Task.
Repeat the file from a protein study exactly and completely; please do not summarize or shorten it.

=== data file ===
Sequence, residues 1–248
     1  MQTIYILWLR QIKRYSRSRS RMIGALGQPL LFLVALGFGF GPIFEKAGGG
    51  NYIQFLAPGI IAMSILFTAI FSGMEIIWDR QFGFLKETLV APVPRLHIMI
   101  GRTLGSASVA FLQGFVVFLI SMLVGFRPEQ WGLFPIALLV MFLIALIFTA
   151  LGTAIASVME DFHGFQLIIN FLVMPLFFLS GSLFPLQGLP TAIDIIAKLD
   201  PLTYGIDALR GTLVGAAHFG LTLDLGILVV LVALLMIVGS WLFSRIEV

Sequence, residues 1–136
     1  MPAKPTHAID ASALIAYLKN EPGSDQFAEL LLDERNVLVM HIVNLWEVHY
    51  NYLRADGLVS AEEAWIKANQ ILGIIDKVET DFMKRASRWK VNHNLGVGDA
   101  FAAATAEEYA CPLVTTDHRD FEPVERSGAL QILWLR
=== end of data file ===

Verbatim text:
Sequence, residues 1–248
     1  MQTIYILWLR QIKRYSRSRS RMIGALGQPL LFLVALGFGF GPIFEKAGGG
    51  NYIQFLAPGI IAMSILFTAI FSGMEIIWDR QFGFLKETLV APVPRLHIMI
   101  GRTLGSASVA FLQGFVVFLI SMLVGFRPEQ WGLFPIALLV MFLIALIFTA
   151  LGTAIASVME DFHGFQLIIN FLVMPLFFLS GSLFPLQGLP TAIDIIAKLD
   201  PLTYGIDALR GTLVGAAHFG LTLDLGILVV LVALLMIVGS WLFSRIEV

Sequence, residues 1–136
     1  MPAKPTHAID ASALIAYLKN EPGSDQFAEL LLDERNVLVM HIVNLWEVHY
    51  NYLRADGLVS AEEAWIKANQ ILGIIDKVET DFMKRASRWK VNHNLGVGDA
   101  FAAATAEEYA CPLVTTDHRD FEPVERSGAL QILWLR